I know you’re busy. Trust me, I’m with you. You’ve got work, school, kids, you name it. Family counts on you, friends need you – someone’s probably e-mailing, texting or instant messaging you right now!
So how in the heck are you going to find time to write? Well, look down at that smart-phone or computer. You already are.
Be honest. How many times a day do you sneak in a Facebook post, send a brilliant thought through Twitter or entertain a far-away friend with a text? Every time you do, you’re writing.
You’re relating an anecdote; describing a person you met, engaging in a conversation. In other words, you’re focusing on story, character and dialogue all day long.
Try it. Apply those same stolen moments of time to your script. Instead of telling your friend what happened that day (really, she can wait), quickly synopsize your movie idea. Instead of texting gossip about that person you met in an elevator, create a piece of scene direction that might describe that person as they enter a movie scene. Instead of engaging in a cutesy I.M., write a “cute meet” between two characters.
Suddenly, your stolen moments of time are productively moving you towards a screenplay.
Think it can’t be done? Let’s try it out. See how quickly you can actually outline your movie by choosing to focus on one element per ten-minute break.
- Commit 10 minutes to telling a simple story with a great idea. Describe it in a paragraph or two as though telling a friend about a great movie. That’s your synopsis.
- Commit 10 minutes to dividing that story into four sections. Give each section a title. Those are your acts.
- Commit 10 minutes per act to brainstorming the major events that happen in each section. Those are your sequences or “beats.”
- Commit 10 minutes per sequence to brainstorming the cool details, character moments, and smaller actions. Those are your scenes.
Congratulations. Outline finished.
This isn’t to say that you need to cut all of your Facebook, Twitter and texting time. But look at how quickly you just moved through your outline when social networking suddenly turned into screenwriting.
Do keep texting, though — because you’re actually teaching yourself to write. Yeah, you read that correctly. All of this texting and tweeting has taught us how to focus our stories and edit.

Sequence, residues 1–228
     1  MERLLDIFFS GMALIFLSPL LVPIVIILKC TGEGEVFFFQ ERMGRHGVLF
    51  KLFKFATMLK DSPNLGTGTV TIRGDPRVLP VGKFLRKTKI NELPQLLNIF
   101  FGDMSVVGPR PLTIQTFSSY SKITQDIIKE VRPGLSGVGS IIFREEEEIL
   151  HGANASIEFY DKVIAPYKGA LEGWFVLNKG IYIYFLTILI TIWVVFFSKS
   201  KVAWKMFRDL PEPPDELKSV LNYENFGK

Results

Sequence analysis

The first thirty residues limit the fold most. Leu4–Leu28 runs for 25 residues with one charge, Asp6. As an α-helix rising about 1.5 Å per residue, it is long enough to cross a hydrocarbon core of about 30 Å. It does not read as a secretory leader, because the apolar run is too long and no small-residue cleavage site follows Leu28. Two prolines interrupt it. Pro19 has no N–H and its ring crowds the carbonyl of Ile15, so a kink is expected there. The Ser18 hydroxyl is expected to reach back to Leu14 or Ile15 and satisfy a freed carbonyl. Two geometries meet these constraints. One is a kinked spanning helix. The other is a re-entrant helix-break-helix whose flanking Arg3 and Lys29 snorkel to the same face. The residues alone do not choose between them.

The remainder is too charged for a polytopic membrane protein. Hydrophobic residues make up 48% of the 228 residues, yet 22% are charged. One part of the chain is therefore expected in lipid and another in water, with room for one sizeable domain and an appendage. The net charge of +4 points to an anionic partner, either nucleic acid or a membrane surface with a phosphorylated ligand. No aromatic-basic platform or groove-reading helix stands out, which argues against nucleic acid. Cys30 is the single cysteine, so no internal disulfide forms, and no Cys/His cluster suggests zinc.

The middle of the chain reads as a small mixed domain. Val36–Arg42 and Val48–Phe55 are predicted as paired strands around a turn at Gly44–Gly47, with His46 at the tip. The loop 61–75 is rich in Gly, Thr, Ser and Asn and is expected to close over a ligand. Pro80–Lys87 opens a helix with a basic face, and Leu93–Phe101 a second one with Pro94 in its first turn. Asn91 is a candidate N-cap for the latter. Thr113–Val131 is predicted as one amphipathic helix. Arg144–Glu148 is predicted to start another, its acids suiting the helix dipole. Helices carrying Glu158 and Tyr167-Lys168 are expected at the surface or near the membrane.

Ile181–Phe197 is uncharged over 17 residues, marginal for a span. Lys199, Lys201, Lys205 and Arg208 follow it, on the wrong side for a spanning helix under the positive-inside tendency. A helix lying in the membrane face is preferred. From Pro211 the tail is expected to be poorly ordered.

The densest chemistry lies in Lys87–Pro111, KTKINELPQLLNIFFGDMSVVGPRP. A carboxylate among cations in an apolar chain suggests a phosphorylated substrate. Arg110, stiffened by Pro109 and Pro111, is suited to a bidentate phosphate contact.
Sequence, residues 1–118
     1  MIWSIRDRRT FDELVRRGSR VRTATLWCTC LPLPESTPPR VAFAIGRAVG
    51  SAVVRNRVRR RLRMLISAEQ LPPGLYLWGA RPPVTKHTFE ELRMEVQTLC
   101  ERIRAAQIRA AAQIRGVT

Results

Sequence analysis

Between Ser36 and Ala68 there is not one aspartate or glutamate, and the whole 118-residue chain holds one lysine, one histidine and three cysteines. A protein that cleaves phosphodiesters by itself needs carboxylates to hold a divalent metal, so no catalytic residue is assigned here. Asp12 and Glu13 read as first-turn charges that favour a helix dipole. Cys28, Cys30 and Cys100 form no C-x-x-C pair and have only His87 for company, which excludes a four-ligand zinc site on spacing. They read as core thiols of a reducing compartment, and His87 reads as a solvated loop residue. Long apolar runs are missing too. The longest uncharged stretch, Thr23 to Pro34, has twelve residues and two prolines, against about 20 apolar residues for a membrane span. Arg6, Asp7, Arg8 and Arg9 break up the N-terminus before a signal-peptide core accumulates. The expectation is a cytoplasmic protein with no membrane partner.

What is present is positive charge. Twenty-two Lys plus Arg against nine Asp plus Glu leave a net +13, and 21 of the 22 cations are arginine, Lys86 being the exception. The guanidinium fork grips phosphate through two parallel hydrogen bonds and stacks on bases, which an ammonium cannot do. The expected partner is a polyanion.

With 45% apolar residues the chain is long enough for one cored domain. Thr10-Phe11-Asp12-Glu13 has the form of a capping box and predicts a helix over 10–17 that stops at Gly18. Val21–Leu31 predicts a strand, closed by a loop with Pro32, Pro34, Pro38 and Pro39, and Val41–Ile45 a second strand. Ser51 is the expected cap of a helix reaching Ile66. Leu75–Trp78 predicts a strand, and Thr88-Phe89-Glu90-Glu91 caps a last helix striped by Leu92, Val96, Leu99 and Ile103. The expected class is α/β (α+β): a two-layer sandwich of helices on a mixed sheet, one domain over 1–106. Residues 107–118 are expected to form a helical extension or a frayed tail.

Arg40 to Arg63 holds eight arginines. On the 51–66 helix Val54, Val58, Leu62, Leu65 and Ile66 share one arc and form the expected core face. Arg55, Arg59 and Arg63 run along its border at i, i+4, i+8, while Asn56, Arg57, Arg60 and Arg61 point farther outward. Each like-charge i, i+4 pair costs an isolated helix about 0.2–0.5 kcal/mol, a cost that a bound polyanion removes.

You choose your words carefully and well when you “tweet” a joke using only 140 characters. You’ve learned how to create urgency or coax a smile with only a few choice words sent in a quick text. You edit your e-mails to make sure that you’re not burying an important point.
All of these skills are the same ones a writer brings to scene honing and dialogue doctoring. So why not try a rewrite on your script with the same attention to detail?
- Commit 10 minutes to hone in on the main point of a written scene. Then quickly lop off the excess that threatens to bury it.
- Commit 10 minutes to finding new words for your action lines; words that have enough impact to sum up the action and emotion of that moment.
- Commit 10 minutes to turning an overwritten monologue into the perfect one-liner.
There’s an argument that all of our social networking is dumbing us down as a society. I say it’s created a generation of writers. We communicate through the written word more than we ever did before. Now, we just have to use those skills for our art.
Today, when that urge to cheat on your job comes to you, go ahead and take those ten minutes – but don’t log onto Facebook; focus on your screenplay.
Imagine your status update after you’ve sold it!
Pilar Alessandra is the author of The Coffee Break Screenwriter and the director of the Los Angeles-based writers’ studio “On the Page®.” Check out her popular screenwriting podcast at www.onthepage.tv
Need help finding time to write? Don’t miss Jenna Avery’s Screenwriters University online class, Fitting Writing Into Your Life: Becoming a Productive Screenwriter
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